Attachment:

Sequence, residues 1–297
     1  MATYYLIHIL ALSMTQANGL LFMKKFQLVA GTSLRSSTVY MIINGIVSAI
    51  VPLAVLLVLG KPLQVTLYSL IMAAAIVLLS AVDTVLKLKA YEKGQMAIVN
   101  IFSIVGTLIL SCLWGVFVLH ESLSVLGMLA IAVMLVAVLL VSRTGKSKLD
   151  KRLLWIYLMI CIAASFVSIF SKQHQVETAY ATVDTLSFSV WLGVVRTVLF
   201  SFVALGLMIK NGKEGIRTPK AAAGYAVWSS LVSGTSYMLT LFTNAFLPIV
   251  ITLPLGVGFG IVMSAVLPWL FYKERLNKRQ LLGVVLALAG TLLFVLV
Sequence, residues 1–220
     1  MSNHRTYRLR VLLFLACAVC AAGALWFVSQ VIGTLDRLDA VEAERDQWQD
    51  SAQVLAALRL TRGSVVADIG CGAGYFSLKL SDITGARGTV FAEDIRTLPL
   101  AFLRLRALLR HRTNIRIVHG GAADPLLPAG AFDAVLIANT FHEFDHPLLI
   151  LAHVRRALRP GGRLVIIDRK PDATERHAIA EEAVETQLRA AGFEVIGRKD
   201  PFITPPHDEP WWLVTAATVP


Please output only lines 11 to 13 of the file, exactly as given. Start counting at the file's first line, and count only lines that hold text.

   101  AFLRLRALLR HRTNIRIVHG GAADPLLPAG AFDAVLIANT FHEFDHPLLI
   151  LAHVRRALRP GGRLVIIDRK PDATERHAIA EEAVETQLRA AGFEVIGRKD
   201  PFITPPHDEP WWLVTAATVP